What is missing from the published account is any discussion of the merits of the reform itself, the reasons for accepting certain amendments and rejecting others, or the intended results, to be used as benchmarks for evaluating the law's effectiveness. To the insiders, all of this is no doubt too obvious and tedious to recount. Or perhaps, in the heat of combat, the desire to win simply took over, and it became pointless to count the casualties or to weigh them against the anticipated value of victory. After such a battle, is it any wonder that the public is morose and dispirited?

Meanwhile, Arnaud Montebourg, in addition to announcing his candidacy for the presidency, devoted much of his speech to attacking Hollande's record as "indefensible." Having stripped his annual Burgundy shindig of its former moniker, "Festival of the Rose," he put the PS on notice that he may run as an outside candidate if the conditions of the primary are not to his liking. And the chief of those conditions is whether Hollande will choose to be part of it. Clearly, Montebourg is hoping that Hollande will decide not to run, which would leave him well-placed to make an inside run against the less charismatic Benoît Hamon. But if Hollande does run, Montebourg can still run outside the party, thus adding yet another nail to the electoral coffin in which the president finds himself immured. Of course, Montebourg has little organization and no money, so he really needs the party more than the party needs him, and Cambadélis may decide simply to call his bluff. But this maneuver merely proves that he is yet another small-time Machiavelli, playing what he thinks is a clever game before a public that is largely uninterested and universally unimpressed.

Wednesday, August 17, 2016

The Burkini Controversy

Once again, France is giving free rein to its ongoing psychodrama in regard to Islam. This latest round points up the hypocrisy of the previous episode involving the burqa. Then, in order to avoid censure by the European Court, it was asserted that the burqa ban was a "security" measure. Faces in public places had to be identifiable, and clothing should not permit the easy hiding of weapons of terror. The ban had nothing to do with religion, proponents claimed, at least for legal purposes. In private the prohibition of the burqa was also defended on the grounds that it liberated women from oppression.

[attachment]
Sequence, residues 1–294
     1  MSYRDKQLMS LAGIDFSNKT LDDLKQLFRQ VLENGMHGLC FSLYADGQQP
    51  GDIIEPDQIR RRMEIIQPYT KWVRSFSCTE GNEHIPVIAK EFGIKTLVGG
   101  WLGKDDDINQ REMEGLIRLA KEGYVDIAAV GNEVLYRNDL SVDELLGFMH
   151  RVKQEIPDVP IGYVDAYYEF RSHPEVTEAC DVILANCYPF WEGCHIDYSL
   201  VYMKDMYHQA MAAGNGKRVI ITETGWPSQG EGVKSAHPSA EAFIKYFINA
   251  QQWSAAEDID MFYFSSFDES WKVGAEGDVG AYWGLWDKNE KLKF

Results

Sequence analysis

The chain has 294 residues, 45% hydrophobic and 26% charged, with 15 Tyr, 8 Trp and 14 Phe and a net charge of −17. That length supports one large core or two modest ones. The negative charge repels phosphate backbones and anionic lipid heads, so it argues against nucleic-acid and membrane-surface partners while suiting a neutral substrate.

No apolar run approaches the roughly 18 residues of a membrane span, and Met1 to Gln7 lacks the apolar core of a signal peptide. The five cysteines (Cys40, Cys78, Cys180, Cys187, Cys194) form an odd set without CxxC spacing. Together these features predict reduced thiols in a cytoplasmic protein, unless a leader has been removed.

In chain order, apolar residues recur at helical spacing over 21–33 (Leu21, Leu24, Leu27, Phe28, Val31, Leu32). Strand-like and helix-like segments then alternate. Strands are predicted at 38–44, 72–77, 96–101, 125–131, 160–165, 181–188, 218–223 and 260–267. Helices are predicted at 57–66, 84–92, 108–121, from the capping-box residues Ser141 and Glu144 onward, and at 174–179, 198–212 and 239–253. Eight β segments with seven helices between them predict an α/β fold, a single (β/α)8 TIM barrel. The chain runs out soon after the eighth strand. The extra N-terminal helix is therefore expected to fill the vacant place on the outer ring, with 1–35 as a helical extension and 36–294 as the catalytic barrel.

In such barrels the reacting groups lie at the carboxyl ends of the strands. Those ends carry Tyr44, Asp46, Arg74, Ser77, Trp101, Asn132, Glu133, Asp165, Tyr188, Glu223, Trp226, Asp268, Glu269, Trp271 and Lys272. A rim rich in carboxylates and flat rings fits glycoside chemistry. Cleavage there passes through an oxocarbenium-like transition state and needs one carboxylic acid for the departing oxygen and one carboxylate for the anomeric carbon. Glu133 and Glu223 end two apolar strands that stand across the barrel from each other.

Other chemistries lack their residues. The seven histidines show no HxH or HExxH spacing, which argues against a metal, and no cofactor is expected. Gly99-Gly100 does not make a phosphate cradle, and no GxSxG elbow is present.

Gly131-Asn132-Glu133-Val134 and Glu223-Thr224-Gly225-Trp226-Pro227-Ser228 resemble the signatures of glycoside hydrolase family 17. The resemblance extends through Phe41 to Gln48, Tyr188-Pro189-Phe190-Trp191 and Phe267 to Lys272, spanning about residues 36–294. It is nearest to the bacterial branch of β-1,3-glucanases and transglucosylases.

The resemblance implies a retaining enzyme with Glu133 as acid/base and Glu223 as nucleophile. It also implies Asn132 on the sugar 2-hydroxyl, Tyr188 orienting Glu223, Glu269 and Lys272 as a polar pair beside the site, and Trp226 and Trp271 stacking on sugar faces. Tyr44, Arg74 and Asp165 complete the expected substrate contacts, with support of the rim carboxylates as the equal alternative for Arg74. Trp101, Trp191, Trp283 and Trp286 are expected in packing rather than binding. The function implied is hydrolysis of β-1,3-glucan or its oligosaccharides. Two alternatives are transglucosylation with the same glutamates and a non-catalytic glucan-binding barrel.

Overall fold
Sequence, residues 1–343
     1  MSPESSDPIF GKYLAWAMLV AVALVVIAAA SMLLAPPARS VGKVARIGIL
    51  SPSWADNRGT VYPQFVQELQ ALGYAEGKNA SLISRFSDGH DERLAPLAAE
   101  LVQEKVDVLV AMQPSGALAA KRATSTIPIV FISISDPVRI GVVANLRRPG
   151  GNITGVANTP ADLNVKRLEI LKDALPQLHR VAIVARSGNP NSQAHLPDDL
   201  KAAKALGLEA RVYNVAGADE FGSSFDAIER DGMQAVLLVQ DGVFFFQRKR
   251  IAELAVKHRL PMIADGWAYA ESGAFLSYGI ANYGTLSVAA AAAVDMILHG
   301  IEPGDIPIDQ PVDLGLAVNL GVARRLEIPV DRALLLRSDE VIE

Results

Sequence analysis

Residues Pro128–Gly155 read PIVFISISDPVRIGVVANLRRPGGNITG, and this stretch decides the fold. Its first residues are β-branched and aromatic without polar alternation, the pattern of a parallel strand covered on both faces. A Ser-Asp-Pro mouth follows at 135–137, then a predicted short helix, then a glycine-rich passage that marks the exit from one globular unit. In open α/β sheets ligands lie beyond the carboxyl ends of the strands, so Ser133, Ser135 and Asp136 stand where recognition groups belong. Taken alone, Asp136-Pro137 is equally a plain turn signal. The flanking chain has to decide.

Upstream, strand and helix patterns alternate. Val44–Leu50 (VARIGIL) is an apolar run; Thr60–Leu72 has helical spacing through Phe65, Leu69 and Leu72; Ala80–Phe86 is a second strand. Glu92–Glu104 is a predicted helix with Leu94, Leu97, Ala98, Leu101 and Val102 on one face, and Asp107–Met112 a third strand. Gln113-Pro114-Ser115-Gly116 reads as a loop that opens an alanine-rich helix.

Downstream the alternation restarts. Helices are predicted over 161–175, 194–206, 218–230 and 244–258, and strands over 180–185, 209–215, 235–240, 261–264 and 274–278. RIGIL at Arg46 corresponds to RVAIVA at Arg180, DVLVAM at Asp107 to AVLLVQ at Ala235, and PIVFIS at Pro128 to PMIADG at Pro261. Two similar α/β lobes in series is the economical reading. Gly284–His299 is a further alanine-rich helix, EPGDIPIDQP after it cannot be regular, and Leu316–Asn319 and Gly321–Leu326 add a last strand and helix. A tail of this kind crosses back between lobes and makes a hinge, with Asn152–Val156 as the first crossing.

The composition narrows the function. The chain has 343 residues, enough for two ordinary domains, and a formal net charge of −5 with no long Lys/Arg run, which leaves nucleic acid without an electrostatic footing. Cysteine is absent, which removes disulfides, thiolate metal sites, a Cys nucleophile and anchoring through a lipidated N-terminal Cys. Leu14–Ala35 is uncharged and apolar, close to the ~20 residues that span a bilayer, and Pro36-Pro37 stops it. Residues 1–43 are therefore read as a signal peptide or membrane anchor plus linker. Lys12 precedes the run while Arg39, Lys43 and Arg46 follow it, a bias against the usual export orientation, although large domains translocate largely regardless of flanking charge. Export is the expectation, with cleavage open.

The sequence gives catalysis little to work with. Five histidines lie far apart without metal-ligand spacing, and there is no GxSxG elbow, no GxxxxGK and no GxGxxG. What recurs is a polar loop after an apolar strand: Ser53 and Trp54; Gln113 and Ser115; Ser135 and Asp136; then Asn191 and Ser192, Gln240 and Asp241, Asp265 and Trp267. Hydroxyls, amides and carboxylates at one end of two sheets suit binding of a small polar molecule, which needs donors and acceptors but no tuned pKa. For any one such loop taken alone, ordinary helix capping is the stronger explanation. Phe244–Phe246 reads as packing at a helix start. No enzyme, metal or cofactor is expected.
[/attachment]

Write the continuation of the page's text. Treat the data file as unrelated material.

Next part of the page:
With the proliferating burkini bans, the liberation of women argument has again been raised, but now it is supplemented by the allegation that the body-hiding bathing outfit is "l’uniforme d’un mouvement contre lequel nous sommes en guerre," as the mayor of Cannes put it. Much of the rest of the world finds this position shocking, as documented by the Libé article linked above. Some in France will of course invoke, yet again, the uniqueness of laïcité. In a radio debate broadcast the other day on the subject of "Qu'est-ce qu'être Français," the inevitable Alain Finkielkraut insisted that France's extreme sensitive to the apparel choices of Muslim women stems from its "civilisation féminine." Seriously. And this was greeted with much applause from the audience.

Le Bal des Aspirants

Benoît Hamon is in. Arnaud Montebourg will soon be in. About Emmanuel Macron, only his hairdresser knows for sure. Gérard Filoche and Marie-Noëlle Lienemann are in. The Socialist primary will be a crowded affair. The tone of the future debate was signaled by Hamon's announcement on France2 last night. The candidates purporting to represent the party's left will accuse Hollande of treacherous betrayal. Macron, if he runs, will say he didn't go far enough. Hollande, if he runs, will say he got it just right. And the divisions that have beset the PS throughout its existence will once again be aired in the place where they are least likely to be discussed thoughtfully, let alone resolved: a presidential primary.

Monday, August 15, 2016

Thursday, August 11, 2016

Le Monde Profiles Me

Here. The interview dates from last February, but Le Monde waited for a slow news week to run it, since I'm less newsworthy than Donald Trump, Kanye West, and the other Amerloques who appear more often in its pages. The photographer took 200 photos but managed only to capture my scowl.

Saturday, July 30, 2016

Chassé-croisé à droite

The murder of 86-year-old Jacques Hamel in his church in Saint-Etienne-du-Rouvray has triggered an interesting chassé-croisé on the right. Nicolas Sarkozy, pursuing his relentless droitisation strategy in pursuit of the presidency, has called for doing away with all legal niceties (arguties juridiques) in the "war on terror." These legal niceties apparently include such fundamental provisions of the rule of law as the presumption of innocence. If la loi des suspects was good enough for the Revolution, it should be good enough for the 21st Century, to hear Sarkozy tell it.